The importance of anime culture in the country and its positive impact on the tourism industry led to the formation of the Anime Tourism Association which is a champion in promoting “lively pilgrimage” tourism in the country.

The president of the association, Tsuguhiko Kadokawa, told the Japan Times: “It is impressive that the presence of Japanese pop culture in the world has become something that can be compared to Hollywood.

Travel trends in Japan have largely altered the dynamics of popular and bustling Japanese cities such as Tokyo or Kyoto, replaced by rural countryside as priority vacation destinations for travelers visiting the cultural hub of East Asia. . A guide to Japan organized by Expatbets explains that more and more visitors are choosing to visit rural areas such as Biei-cho and Tsurui, both located in Hokkaido due to the tranquil and serene vibe the places permeate.

Perhaps this is the reason why the respective tourism developers and the government are actively promoting the rural countryside to attract potential travelers.

Ogimachi village is now a popular tourist spot due to the popularity of “Higurashi – When They Cry” – Photo: The Travel

The anime has not only inspired its viewers around the world to visit the country, but also to try authentic Japanese specialties, given the way the cuisines have been portrayed in several feature films and animated series. Some of Studio Ghibli’s popular films that have a very unique way of portraying food in their films are a prime example of the allure and aesthetics of Japanese food culture. for example, Kiki’s delivery service or the ever popular Spirited Away have been the main reason many travelers have tried Japanese cuisine.

The government’s efforts to boost tourism through the use of Japanese pop culture date back to 2009, when it was reported that the country’s government was planning to “fund cultural industries like music, manga, and movies. ‘animation “with the aim of resuscitating” a faltering economy. ” There have been several instances where iconic and popular manga characters have been used by local government agencies to increase the number of travelers.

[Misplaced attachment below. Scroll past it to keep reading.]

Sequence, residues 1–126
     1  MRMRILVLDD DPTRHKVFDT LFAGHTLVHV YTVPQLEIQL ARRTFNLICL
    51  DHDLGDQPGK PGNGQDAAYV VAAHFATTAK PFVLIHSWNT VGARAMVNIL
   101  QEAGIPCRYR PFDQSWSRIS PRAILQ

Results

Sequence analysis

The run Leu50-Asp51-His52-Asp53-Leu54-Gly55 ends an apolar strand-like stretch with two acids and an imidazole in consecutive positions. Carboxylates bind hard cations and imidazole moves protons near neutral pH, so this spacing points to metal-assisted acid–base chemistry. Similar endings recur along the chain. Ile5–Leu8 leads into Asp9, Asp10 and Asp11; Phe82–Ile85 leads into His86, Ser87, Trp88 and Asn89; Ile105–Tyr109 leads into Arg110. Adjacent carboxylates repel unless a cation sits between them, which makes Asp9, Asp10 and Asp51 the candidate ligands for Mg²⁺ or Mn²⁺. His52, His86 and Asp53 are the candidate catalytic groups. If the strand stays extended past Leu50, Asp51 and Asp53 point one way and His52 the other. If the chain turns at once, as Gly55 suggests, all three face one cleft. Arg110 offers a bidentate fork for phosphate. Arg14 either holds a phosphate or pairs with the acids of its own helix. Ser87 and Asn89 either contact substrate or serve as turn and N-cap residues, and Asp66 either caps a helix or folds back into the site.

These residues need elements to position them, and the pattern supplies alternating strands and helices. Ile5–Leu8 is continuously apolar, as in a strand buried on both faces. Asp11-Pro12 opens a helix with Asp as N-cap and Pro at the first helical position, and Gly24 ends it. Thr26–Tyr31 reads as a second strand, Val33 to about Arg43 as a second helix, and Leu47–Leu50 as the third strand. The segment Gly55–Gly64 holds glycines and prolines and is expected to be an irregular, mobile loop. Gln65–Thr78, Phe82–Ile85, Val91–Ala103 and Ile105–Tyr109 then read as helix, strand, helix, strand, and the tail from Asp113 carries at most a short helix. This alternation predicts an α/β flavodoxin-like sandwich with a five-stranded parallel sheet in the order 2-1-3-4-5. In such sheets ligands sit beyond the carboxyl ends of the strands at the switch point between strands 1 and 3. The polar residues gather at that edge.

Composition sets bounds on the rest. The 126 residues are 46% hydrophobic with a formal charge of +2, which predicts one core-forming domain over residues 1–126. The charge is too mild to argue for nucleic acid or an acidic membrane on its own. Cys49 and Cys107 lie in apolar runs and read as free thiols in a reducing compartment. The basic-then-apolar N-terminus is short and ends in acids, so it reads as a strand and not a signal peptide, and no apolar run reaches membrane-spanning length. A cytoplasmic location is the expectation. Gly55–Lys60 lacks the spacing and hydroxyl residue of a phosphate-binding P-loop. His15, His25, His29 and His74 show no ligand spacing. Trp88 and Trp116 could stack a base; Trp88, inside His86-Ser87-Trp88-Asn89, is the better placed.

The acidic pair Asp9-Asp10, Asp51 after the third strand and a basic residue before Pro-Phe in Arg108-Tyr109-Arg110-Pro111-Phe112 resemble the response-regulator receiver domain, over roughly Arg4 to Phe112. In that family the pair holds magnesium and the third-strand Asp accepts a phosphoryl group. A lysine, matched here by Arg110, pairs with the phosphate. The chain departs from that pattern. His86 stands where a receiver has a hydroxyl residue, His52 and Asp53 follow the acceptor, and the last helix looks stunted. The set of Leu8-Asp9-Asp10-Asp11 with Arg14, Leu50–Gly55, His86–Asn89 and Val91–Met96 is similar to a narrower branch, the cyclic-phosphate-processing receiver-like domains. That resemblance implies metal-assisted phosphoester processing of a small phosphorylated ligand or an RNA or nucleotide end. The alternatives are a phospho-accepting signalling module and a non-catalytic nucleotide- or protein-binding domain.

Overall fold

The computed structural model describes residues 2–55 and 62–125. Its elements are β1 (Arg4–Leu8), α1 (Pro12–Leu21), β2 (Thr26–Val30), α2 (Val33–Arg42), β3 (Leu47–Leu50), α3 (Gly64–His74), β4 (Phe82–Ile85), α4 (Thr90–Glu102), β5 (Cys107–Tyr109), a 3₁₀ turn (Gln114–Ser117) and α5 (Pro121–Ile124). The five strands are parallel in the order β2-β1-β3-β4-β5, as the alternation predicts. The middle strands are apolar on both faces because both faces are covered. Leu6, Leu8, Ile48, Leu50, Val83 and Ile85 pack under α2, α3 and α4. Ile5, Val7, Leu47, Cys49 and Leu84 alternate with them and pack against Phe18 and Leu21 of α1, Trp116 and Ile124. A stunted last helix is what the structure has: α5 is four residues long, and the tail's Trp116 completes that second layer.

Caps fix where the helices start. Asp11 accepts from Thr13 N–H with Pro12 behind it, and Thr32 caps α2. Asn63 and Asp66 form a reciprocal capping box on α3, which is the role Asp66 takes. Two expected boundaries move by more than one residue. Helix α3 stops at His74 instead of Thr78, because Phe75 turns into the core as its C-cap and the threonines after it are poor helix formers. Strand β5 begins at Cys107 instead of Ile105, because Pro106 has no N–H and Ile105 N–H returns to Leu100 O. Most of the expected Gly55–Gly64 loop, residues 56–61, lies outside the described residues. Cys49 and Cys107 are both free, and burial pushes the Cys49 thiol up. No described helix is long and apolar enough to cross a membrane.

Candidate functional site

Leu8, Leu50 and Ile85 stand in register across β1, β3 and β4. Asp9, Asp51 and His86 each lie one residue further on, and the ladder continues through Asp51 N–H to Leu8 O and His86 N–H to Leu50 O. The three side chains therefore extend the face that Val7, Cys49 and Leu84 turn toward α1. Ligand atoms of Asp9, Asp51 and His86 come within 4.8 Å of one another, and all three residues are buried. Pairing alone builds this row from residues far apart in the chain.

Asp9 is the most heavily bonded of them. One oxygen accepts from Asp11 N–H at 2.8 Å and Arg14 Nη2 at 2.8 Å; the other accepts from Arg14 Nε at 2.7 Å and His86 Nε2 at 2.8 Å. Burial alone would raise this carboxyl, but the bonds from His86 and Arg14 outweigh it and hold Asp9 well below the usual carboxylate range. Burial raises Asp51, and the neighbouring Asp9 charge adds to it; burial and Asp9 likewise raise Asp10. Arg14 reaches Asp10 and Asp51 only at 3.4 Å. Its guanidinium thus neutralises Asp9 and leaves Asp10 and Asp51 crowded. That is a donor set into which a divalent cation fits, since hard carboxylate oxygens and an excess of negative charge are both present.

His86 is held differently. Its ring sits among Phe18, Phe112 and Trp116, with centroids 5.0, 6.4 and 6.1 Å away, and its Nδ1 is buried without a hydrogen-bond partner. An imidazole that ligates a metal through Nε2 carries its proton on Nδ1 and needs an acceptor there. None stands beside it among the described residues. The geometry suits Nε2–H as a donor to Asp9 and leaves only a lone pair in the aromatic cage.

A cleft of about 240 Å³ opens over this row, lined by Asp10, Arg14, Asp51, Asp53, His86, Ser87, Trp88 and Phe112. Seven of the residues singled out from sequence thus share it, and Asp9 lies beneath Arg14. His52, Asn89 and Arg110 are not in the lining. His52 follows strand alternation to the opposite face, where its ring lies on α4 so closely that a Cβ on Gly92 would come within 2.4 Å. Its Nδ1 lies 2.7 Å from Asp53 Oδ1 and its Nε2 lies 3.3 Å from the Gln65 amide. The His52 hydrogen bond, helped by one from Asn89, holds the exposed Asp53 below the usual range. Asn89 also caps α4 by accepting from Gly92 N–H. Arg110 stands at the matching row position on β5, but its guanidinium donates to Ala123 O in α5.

One such example is a statue of Gundam from the long-running manga / anime franchise “Mobile Suit Gundam”. Located in Suginami City, Tokyo, this statue is a popular landmark for visiting tourists.

Outside of Japan, the highest demand for anime content came from the United States, followed by the Philippines, France, Mexico, Brazil, South Korea, Thailand and Taiwan as well as several other countries – this data was collected for the period April to June 2018. Tourism statistics show that American travelers visiting Japan increased by 415.2% in June 2021, while the number of South Korean travelers for the same period recorded an increase of 75.7%.

Perhaps there is no direct correlation that can be observed here between the popularity of anime in these countries and the increase in the number of tourists to Japan from these countries. However, it is undeniable that the worldwide popularity of the Japanese animation industry has had a huge impact on the country’s tourism industry.

Over the past few years, manga and cartoons have also become extremely popular among the relatively young generations of the Maldivian community, and most of the heavy consumers of Japanese entertainment content may also be advertising themselves as potential travelers to the Maldivian community. giant of East Asia. .

That wouldn’t be a bad thing given that the Japanese source market to the Maldives is steadily growing in the Maldives due to travelers opting for quiet places – meaning there is a notion of balance. Who knows, one of these days a mangaka (a person who creates manga) might visit the Maldives and find inspiration to use the country for their next manga series. It might just create a kind of pseudo-quid pro quo relationship between the two nations in the context of tourism.